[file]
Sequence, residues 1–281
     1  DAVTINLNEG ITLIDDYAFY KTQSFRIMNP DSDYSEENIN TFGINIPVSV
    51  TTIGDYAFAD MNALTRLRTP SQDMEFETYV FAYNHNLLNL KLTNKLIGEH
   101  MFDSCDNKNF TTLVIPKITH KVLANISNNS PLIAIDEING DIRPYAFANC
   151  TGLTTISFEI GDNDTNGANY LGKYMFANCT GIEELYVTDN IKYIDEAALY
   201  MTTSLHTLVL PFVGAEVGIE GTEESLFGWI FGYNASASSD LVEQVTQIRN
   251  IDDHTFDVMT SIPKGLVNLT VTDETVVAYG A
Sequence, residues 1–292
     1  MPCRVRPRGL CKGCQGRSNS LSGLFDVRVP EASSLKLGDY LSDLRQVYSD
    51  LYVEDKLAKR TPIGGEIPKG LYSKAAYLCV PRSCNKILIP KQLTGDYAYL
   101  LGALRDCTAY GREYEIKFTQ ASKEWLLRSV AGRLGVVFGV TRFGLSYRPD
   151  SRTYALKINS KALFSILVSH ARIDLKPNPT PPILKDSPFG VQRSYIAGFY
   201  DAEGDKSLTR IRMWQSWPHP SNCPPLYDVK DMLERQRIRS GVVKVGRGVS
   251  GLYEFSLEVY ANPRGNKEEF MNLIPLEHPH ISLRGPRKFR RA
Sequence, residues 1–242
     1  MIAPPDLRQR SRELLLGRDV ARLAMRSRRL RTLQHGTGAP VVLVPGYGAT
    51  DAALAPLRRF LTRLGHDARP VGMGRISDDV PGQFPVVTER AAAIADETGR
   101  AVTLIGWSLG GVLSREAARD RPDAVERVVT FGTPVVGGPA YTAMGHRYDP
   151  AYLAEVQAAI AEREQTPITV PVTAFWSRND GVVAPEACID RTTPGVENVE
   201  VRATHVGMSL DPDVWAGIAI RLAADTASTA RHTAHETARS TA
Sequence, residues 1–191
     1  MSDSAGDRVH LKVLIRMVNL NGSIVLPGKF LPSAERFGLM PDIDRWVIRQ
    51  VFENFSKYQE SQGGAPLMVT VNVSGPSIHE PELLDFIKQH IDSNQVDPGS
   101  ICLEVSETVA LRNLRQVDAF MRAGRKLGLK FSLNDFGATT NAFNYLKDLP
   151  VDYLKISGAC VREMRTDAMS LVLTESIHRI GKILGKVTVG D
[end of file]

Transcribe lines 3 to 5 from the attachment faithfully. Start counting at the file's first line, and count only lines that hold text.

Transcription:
    51  TTIGDYAFAD MNALTRLRTP SQDMEFETYV FAYNHNLLNL KLTNKLIGEH
   101  MFDSCDNKNF TTLVIPKITH KVLANISNNS PLIAIDEING DIRPYAFANC
   151  TGLTTISFEI GDNDTNGANY LGKYMFANCT GIEELYVTDN IKYIDEAALY